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3.0 Battery Longevity

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Well, reading back a bit in this thread, and based on my very limited knowledge about this stuff, it looks like I have a real problem with my battery. Here's the background. Any help / suggestions greatly appreciated.

First, I must mention that the Green Machine lives in a plane hangar about 30 miles from home, and the plane itself is out of service for an extended period, so it gets fairly limited service. I drove it San Diego to Santa Barbara and back back in August, and it seemed fine at the time, but as I approached Santa Barbara the screen said it had about 30 miles left, when it suddenly lost power. I managed to get off the freeway, and parked, but after I turned it off and back on, it now gave warnings about having a dangerously low state of charge. I got towed to the local Tesla service center, and left it plugged in there overnight, and everything seemed fine. Drove back later that week with a charging stop at a hotel in LA somewhere, put it back in the hangar with a low but non-dangerous state of charge, plugged in, and forgot it for a month or so. When I next went out, intending to take it for a drive, I discovered that it had never really charged up. It looks like either the GFCI had tripped or maybe a circuit breaker tripped, the GFCI head on the cable needs to be re-set every time either way. I made sure it was charging before I left. Came back a month or so later to the same situation, so I figured it must have tripped the circuit breaker when someone else on the same circuit must have used a high-current device or something. I dropped the charge current to 12A, came back the next day and it was still charging (standard mode), but that gave me confidence.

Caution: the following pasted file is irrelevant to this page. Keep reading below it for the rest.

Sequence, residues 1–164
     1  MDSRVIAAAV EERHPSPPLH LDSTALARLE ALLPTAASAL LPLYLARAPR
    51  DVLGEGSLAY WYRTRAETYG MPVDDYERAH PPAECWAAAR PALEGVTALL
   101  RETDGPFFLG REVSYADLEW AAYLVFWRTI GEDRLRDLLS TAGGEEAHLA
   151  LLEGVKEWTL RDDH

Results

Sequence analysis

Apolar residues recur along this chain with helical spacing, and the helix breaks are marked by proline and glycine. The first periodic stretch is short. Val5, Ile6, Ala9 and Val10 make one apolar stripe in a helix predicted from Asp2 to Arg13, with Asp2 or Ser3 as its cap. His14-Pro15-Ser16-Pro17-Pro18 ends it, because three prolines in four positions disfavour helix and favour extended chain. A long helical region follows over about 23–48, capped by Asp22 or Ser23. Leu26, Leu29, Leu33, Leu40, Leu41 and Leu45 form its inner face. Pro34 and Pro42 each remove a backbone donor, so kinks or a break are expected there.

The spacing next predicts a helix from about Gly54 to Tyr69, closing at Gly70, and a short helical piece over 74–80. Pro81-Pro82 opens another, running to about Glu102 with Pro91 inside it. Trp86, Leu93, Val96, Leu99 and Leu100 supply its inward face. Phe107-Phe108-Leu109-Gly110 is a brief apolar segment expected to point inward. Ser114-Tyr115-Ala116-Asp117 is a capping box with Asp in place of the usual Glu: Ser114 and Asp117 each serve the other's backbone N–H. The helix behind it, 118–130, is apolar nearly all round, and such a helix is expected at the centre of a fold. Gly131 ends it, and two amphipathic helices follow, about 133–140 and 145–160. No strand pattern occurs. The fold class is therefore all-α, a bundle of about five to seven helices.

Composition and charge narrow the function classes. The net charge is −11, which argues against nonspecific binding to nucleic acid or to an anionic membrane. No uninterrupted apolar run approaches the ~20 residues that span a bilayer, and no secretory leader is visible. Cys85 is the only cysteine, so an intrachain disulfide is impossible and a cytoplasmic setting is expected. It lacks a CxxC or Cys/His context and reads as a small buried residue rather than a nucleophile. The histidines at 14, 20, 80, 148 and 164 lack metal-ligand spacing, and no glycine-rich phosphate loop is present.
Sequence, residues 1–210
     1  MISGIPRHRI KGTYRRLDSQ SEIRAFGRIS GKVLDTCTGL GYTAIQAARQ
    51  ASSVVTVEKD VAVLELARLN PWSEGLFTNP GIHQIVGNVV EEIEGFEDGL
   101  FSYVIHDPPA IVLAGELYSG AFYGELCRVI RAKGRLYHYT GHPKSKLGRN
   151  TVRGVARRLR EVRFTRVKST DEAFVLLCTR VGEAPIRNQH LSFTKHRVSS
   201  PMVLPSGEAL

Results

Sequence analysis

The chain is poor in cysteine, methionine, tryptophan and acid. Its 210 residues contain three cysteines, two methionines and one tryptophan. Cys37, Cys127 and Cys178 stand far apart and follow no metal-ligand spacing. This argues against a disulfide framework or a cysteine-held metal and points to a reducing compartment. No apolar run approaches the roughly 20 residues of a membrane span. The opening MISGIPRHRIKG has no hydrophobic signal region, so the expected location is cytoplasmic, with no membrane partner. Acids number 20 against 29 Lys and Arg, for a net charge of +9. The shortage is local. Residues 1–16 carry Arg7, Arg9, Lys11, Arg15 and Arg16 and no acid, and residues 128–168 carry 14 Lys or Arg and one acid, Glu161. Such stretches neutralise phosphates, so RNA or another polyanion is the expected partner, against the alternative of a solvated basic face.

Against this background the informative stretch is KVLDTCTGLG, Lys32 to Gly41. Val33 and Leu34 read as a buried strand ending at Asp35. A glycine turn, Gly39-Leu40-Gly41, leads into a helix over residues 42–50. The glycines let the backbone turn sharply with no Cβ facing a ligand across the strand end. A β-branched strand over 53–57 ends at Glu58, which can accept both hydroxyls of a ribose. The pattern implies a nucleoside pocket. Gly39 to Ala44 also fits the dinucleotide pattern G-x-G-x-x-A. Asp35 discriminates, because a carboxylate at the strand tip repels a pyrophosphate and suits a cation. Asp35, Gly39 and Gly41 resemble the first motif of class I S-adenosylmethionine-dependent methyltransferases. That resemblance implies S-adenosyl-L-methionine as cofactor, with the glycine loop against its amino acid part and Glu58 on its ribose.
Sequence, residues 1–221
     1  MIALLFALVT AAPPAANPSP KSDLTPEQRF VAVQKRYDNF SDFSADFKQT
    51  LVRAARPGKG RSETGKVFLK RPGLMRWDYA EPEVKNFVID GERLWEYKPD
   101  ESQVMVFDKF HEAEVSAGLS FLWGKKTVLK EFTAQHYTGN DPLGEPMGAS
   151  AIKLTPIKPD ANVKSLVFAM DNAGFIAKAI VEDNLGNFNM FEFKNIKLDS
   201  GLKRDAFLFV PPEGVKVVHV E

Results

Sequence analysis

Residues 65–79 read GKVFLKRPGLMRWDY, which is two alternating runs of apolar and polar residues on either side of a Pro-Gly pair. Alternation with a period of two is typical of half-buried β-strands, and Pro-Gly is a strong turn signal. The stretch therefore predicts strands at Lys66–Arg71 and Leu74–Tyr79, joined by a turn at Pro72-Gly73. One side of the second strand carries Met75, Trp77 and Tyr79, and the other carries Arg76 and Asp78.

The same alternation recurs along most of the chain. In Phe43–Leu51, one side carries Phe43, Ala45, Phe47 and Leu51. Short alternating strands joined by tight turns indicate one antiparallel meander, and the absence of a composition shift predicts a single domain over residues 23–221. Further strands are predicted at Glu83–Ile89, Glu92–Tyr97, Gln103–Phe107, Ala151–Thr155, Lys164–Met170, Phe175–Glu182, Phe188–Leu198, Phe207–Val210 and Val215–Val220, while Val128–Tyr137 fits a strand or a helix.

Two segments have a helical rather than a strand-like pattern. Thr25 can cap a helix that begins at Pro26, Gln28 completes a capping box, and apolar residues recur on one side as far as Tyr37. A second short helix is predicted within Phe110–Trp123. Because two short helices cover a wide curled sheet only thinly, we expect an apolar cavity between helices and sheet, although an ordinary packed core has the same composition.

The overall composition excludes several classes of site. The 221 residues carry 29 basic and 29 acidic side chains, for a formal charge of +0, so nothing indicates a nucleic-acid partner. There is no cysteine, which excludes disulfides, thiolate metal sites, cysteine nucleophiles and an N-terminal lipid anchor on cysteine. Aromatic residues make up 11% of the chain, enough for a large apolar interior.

So today, beautiful weather, decided to take it for a drive. Everything looked fine at the start, the only warning was the ever-present TPMS error. But it felt sluggish. I drove it about 10 miles east, then took a back road up a long steep hill (to Crest, for anyone local to San Diego). As I started to go up the hill at full go-pedal, the car slowed to about 50mph, and the power meter was reading about 50kW. Gradually that dropped to 40kW and 40mph, so as soon as I could do a u-turn I did. Going back down the hill, if I floored it, I could see 100kW on the meter for a short time. I headed back to the hangar just in case. Experimenting on a safe, flat road, I found that starting from stopped and planting my foot, the power meter peaked at 1bout 100kW, but over a period of just a few seconds dropped to 75, 70, and flattened at about 60-65kW.

I parked and took photos of all the various battery-related screens, see below. I suspect that either the battery is seriously out of balance, or some cells are sour, or both. :-( But I'm not good at diagnosing stuff like this, hence asking for opinions. In the meantime I put it back on to do a range charge over night, and will go out again tomorrow to drive it down off max charge, and can report back. From reading back I can see that the CAC is terrible, and it's out of balance, but maybe others have other insights too.

Here are the photos:
 

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Power output limiting for ESS is often due to low battery SOC, high/low Temps, or lowest brick voltage, for which I don't see on your photos.
Next up would be to look at Motor temp, and PEM temp on the screens next time you drive when it has lower kw output.
It did not report any power limiting in effect, and I did look at all the temps and they were all in the green. It was a fairly short drive, all things considered.
 
Thanks for the advice/help. On Sunday, I set the car to charge in range mode, THEN got out and plugged it in, forgetting that opening the charge port reset it to standard mode. Bah. So on Monday I took a short drive, realized what had happened, and when I returned I plugged it in and then set to range mode charge. Going out again tomorrow.
 
My "Gen 2" 3.0 battery was installed Aug 2021, with a CAC of 209.93
Just 50 miles later it was down to 208.58, but stayed close to there for a while.
A year later, Aug 2022 & 2847 miles, it was 200.26
Two years later, Aug 15, 2023 and 5,768 miles, it was 194.20